Source | Psychology Today
Learning to stretch outside your comfort zone is critical for learning and growing, advancing in your job and career, and achieving your personal and professional goals. But is it always the case that you need to step outside your comfort zone to be successful? Are there situations when it makes sense to stay right where you are?
Having spoken with people from a range of occupations about this exact topic over the past year, my resounding answer is yes. There are times when you actually don’t need to give the speech, make the point, or take the chance. But to figure that out, it’s important to ask yourself a series of questions to assess whether staying inside your comfort zone is sensible or just a rationalization.
Have you prepared well enough? When you’re going to step out of your comfort zone in a situation that’s meaningful, you need to have a good chance for success. Whether it’s speaking up in a meeting or giving a keynote address at a conference, you want to say something worthwhile, and not fumble your words.
You can never fully prepare for something you’ve never done before, but you shouldn’t wing it, either. So the question to ask is whether you’ve prepared enough. Have you studied how to be successful in this situation? Have you watched and learned from others? Have you practiced in less-consequential versions of the situation you’re going to be trying out? Learning to act outside your comfort zone is a skill — one you can get better at with practice. So if the answer to this question is no, you haven’t prepared enough, it might make sense to put the situation on the back burner until you have.
Is the situation in question something you actually care about? There are many situations in life that are outside our comfort zones but that may not be important to us. Such a situation could be giving public speeches — but you know what? Maybe giving speeches isn’t an important part of your job, or your life. Maybe you’re a chemist and have little interest in speaking to a large audience, unless it’s to fellow specialists about your research findings. The point is that not all of us are destined to stretch ourselves in every possible way, or even interested in trying.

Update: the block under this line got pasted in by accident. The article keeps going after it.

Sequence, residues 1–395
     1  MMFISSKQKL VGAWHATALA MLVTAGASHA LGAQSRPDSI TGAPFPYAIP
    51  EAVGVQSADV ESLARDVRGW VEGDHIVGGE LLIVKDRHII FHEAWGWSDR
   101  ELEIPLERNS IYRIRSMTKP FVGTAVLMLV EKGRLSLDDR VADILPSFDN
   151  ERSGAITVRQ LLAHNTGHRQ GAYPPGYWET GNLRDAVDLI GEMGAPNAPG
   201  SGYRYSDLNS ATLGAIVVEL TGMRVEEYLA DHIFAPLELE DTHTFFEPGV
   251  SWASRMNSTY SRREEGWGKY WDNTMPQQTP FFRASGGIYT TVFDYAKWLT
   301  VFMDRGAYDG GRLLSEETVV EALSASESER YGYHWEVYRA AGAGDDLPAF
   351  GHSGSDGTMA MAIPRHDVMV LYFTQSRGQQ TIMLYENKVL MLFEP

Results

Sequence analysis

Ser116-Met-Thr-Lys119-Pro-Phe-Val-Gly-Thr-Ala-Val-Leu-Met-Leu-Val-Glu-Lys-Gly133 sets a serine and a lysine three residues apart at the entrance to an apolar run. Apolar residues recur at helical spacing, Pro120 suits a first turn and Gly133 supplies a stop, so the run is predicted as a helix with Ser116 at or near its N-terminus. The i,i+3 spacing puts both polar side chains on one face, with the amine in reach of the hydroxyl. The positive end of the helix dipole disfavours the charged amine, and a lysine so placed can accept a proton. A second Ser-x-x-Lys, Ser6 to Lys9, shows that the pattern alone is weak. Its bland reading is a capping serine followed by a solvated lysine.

Of course, it’s important to realize that “not caring about it” can be a convenient excuse for not trying something new. For example, I argued to myself for years that I didn’t care about writing or speaking for a general audience, that academic writing was my priority. In reality, the problem was more that writing for and communicating with a broader audience was outside my comfort zone, and I was using my lack of interest as an excuse. When you ask yourself whether something is important, make sure you answer honestly.
Is this the right time? You might want to do the behavior or learn the skill in question, but the time just might not be right. You might want to get better at pitching and promoting yourself at networking events, for example, but given your other responsibilities at work, you can’t devote time and effort to that particular task. Or you might want to improve your public speaking skills — maybe you have visions of one day becoming CEO — but given your current position and work responsibilities, you just don’t have the room to dedicate to mastering the craft. If you don’t have the time to fully prepare and follow through, it’s not worth moving forward.
Comfort zones are hard to leave, and for good reason. They’re often places where we feel most secure and natural, and sometimes they are where we can do our best and most fulfilling work. But don’t confuse bravery with sensibility. Stretching your comfort zone when you’re not ready — or don’t need to — can add more stress than skill. In some cases, comfort zones aren’t about settling or mediocrity; they’re just where you need to be right now.